Major meetings coordinated by EFMA each year were its annual convention and the Mission Executives Retreat. Both of these events are well documented throughout the collection. The researcher should consult the Box List under the folder headings, "EFMA Convention" and "Mission Executives Retreat" in the appropriate year's files. These files are largely correspondence regarding routine details such as reservations and general housekeeping measures. However, meeting minutes, texts of addresses and papers, reports, etc. can also be found in the folders. The "meat" of the Mission Executives Retreats is in boxes 18 and 19, which contains the published reports between 1955 and 1977. Audio tapes of addresses at the 1977, 1978, 1981, 1982, and 1983 meetings are described in further detail in the Location Record for audio tapes.

In 1967 EFMA sponsored a "Think Conference," with its stated purpose: "to determine the best way of evaluating the effectiveness of evangelical mission programs, to identify necessary changes in existing programs, to recommend action, and to outline steps for implementation." Correspondence, addresses, minutes, etc. about this Conference are available in folders 7-12, 17-4 through 17-6, and folder 208-5 in the General Correspondence.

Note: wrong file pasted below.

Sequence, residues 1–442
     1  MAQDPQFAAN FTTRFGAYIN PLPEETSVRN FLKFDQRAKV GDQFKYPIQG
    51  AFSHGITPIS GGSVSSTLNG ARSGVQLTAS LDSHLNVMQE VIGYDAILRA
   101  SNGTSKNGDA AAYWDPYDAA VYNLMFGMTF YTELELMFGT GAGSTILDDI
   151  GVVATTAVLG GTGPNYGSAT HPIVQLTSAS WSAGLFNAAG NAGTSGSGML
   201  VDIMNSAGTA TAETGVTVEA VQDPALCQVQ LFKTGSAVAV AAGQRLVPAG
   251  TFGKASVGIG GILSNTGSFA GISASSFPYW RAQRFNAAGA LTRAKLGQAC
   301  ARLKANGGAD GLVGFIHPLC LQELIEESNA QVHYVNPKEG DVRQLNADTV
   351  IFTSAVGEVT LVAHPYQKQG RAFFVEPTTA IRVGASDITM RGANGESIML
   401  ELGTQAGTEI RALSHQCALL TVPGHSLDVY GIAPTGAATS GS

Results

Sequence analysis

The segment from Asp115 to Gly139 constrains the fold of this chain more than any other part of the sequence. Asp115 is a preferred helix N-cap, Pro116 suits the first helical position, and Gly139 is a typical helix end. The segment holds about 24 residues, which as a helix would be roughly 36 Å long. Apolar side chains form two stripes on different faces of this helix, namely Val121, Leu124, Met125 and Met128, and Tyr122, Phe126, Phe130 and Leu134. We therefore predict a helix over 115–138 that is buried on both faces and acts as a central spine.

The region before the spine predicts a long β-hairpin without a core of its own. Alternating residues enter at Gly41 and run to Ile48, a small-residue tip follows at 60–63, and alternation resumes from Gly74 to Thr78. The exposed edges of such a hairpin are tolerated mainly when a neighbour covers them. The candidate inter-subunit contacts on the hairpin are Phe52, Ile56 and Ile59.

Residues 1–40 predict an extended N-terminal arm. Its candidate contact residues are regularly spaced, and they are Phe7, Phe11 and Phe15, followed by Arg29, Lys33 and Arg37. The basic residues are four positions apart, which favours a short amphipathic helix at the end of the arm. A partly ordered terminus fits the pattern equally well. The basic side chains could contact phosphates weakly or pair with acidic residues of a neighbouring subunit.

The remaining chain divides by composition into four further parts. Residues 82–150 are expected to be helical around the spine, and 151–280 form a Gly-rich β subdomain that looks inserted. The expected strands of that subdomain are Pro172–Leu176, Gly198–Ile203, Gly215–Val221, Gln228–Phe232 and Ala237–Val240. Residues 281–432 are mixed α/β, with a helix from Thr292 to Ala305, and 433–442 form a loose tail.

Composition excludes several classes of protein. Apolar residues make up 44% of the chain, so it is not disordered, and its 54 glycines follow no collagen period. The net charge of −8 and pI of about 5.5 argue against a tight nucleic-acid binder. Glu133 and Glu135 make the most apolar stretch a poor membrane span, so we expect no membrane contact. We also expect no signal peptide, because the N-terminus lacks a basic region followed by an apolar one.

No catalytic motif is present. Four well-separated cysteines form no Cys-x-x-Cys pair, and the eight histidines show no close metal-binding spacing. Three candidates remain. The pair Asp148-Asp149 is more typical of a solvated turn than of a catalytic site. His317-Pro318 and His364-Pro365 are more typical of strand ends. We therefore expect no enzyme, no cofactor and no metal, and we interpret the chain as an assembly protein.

The 1971 Mission Executives Retreat was expanded into a series of meetings at Green Lake, Wisconsin. Materials on these meetings, known by the title, "Missions in Creative Tension" or "Green Lake '71" are found in folders 11-34 and 19-6.